Treasure Hunt versus Scavenger Hunt. Do you remember this from DAY #209? It has been one of my favorite take-aways from Brooke Snow’s podcast this year.

I want to spend a few minutes today on SO WHAT SATURDAY talking about the practical application of treating life and challenges in life as a scavenger hunt versus a treasure hunt. It’s been on my mind.

How is this done? What does this look like?

“We will never be exonerated… Knowing this can help us let go of the fantasy of figuring it out one day, and instead we can embrace the real purpose of life… to learn by experience.”

Learn from the times when we choose poorly, learn from the times when we choose well, we can learn from our circumstances, learn from the people in our lives.

And He doesn’t expect us to be perfect. We are here to learn from experience.

And then the “so what”. Then the “how to”:

“Learning by experiment is the practical approach to intentional change.”

Brooke uses the example of Nephi and his brothers, when they were commanded to return to Jerusalem, to get the brass plates – their scriptures, essentially – from a wicked and powerful man named Laban.

“They may have gone into this mission thinking that one grand attempt would be all it took, just like we too can fantasize into thinking that there is one mast plan that will make all our wildest dreams come true and will bring the reward that we seek in one dramatic moment.”

Nephi and his brothers had to try one way. Reevaluate. Try another way. Reevaluate. Try another way.

I think we naturally want to stop trying after we’ve failed at something once. And, I guess the question that haunts me is this: Did it not work because it was wrong, or did it not work because I stopped trying? I wondered that with guys I dated in college. I wondered that about areas I proselyted in as a missionary in a South Africa. I wondered that about getting pregnant. I wondered that about learning a new language. I wondered that about learning new skills. And I have a huge list of those! Maybe the “failures” are less about what is “right” and what is “wrong” – what I “should” be doing and what I “shouldn’t” be doing. Maybe my failures teach me something about myself – something about my own desires.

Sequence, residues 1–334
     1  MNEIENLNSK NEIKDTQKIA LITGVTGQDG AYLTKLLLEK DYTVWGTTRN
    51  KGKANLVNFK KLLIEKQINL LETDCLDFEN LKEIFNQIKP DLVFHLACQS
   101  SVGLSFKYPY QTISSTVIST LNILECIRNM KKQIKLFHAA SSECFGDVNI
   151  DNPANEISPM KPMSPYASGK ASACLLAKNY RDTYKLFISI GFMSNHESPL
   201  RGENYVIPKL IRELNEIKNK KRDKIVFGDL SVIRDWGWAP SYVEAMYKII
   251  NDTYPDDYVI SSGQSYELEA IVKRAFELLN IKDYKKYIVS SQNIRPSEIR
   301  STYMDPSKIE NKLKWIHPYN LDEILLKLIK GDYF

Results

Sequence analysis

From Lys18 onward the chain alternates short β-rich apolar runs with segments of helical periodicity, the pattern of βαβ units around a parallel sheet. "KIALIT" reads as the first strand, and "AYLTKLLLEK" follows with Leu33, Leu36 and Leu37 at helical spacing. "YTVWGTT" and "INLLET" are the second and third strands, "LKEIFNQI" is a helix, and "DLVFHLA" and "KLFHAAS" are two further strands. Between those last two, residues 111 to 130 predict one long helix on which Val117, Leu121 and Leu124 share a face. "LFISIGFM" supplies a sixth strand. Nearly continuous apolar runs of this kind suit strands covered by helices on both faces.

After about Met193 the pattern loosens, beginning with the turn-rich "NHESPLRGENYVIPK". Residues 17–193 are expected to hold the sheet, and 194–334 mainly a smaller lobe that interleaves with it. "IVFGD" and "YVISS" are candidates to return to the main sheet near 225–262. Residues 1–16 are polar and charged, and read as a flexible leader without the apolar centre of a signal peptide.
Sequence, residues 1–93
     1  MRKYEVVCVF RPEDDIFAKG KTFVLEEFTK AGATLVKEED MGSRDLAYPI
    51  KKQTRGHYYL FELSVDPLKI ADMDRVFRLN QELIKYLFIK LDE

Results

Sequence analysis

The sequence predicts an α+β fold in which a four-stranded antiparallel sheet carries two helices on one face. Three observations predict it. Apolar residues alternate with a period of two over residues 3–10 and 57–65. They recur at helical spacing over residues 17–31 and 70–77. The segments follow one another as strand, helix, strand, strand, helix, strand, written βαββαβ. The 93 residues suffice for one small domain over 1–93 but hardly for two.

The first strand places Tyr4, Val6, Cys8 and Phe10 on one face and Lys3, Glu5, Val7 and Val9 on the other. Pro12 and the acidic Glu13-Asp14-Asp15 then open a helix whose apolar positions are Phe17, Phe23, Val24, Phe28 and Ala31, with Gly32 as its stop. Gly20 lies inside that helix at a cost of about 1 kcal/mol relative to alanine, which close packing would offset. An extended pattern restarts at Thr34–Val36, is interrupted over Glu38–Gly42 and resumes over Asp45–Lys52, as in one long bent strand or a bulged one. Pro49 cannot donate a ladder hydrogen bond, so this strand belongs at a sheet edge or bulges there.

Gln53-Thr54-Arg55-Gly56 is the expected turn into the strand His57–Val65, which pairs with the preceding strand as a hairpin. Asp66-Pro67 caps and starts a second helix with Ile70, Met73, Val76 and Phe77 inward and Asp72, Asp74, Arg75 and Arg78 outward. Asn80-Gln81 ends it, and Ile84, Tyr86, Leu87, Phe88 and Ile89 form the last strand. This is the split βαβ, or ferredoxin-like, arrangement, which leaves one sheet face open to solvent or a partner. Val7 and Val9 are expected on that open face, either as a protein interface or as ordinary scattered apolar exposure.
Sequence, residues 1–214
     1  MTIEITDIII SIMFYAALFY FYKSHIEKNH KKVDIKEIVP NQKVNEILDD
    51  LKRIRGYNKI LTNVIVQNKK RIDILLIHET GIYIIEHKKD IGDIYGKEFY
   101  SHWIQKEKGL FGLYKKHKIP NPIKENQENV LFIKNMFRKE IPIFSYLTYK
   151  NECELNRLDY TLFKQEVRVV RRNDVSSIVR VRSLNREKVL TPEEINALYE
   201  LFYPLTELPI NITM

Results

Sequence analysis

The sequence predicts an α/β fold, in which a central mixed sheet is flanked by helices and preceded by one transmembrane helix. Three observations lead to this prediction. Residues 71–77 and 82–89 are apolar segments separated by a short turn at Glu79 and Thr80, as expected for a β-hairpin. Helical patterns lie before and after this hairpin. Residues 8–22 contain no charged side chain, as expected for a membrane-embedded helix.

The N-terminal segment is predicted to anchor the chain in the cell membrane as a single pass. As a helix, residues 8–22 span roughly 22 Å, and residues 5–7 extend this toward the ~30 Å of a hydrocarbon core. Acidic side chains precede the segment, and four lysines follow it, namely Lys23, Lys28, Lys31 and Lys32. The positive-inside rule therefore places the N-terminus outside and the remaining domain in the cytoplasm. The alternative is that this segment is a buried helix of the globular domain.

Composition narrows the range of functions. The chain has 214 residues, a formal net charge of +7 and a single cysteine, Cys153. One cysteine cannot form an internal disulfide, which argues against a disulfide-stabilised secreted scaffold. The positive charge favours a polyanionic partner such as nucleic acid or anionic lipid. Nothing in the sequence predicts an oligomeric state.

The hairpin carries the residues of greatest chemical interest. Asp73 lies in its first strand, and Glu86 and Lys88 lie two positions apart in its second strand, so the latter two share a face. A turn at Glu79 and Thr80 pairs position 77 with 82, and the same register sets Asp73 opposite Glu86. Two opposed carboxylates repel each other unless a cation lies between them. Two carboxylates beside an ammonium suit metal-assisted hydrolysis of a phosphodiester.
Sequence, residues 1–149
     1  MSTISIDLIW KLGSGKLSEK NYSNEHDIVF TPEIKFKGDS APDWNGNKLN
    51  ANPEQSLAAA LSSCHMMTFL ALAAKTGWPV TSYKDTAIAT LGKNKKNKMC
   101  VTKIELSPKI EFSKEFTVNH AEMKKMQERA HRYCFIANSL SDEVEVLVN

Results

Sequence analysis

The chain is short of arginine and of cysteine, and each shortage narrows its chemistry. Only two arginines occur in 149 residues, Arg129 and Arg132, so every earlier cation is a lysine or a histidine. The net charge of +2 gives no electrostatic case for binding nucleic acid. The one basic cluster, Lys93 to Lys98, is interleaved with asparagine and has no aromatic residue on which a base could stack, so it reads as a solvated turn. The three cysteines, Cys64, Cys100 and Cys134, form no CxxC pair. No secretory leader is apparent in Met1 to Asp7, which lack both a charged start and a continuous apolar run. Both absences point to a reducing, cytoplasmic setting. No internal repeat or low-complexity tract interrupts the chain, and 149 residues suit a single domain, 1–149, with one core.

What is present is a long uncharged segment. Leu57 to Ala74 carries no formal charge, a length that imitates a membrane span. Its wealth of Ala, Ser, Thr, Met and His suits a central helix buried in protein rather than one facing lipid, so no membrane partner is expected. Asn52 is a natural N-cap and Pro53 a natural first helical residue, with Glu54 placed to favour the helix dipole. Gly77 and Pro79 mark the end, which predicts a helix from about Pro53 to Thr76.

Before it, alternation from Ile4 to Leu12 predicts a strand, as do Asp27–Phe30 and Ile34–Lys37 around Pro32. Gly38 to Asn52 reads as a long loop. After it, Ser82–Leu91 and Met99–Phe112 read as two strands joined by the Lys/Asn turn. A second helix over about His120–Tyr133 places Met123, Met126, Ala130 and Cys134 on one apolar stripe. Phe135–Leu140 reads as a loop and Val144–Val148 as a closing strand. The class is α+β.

“Desire … relates so directly to our moral agency and our individuality. Whether in their conception or expression, our desires profoundly affect the use of our moral agency…

Desires are much more than passive preferences or fleeting feelings. Of course our genes, circumstances, and environments matter very much, and they shape us significantly. Yet there remains an inner zone in which we are sovereign, unless we abdicate. In this zone lies the essence of our individuality and our personal accountability. Therefore, what we insistently desire, over time, is what we will eventually become and what we will receive in eternity.”


What do I truly truly desire? Will that desire serve me well?

“Mostly we become the victims of our own wrong desires.”


And when we have determine our desire, and when we have determined that we like the reason for our desire, and when we have determined that we are willing to fail to obtain what we desire, try. Find something small to change and try again. Gather data. And try again. Experiment. That, my friends, is how you learn by experience.

“I don’t think God purposely withholds grand master plans from us to watch us suffer and fail. Rather, I think there’s these little treasures we are supposed to gain in the process of experimenting, that we wouldn’t notice in any other way. He doesn’t want to just bless us with the big treasure of eternal life. (If that were the case, he wouldn’t have sent us here in the first place, but kept us where we were at.) He wants us to gather all the small tiny treasures on the way. Can you develop the attributes that only come through incremental growth?”

Have you ever heard of a do-over meditation? Similar to Brooke Castillo’s teachings about practicing the neural pathways we want, mentally. Brooke Snow teaches to do this work – a do-over meditation – each night:

“I ask myself, what went well today and what needs work. I imagine I get a do-over. I like to imagine Jesus is with me, and I re-do a moment in my day, in a way that would bring better results. I get another try. And if I don’t know how to do it any better, I ask Him! And He suggests one small change.

It used to be that I would use my evening prayers to say sorry for all the ways I messed up. And to ask for forgiveness. And then I’d hop in bed, hoping for a better experience tomorrow.

It was life changing for me when I realized that these moments were opportunities to learn.”

What could happen if I changed just one small thing about how I do something? Do you think that would make revelation easier to hear? Line upon line, precept on precept? Do you think it would lead me closer to those things I truly desire?

“What do you think could happen if the areas you needed to improve were no longer things that kept you from God, but instead became the very challenges that you approached together WITH God?”

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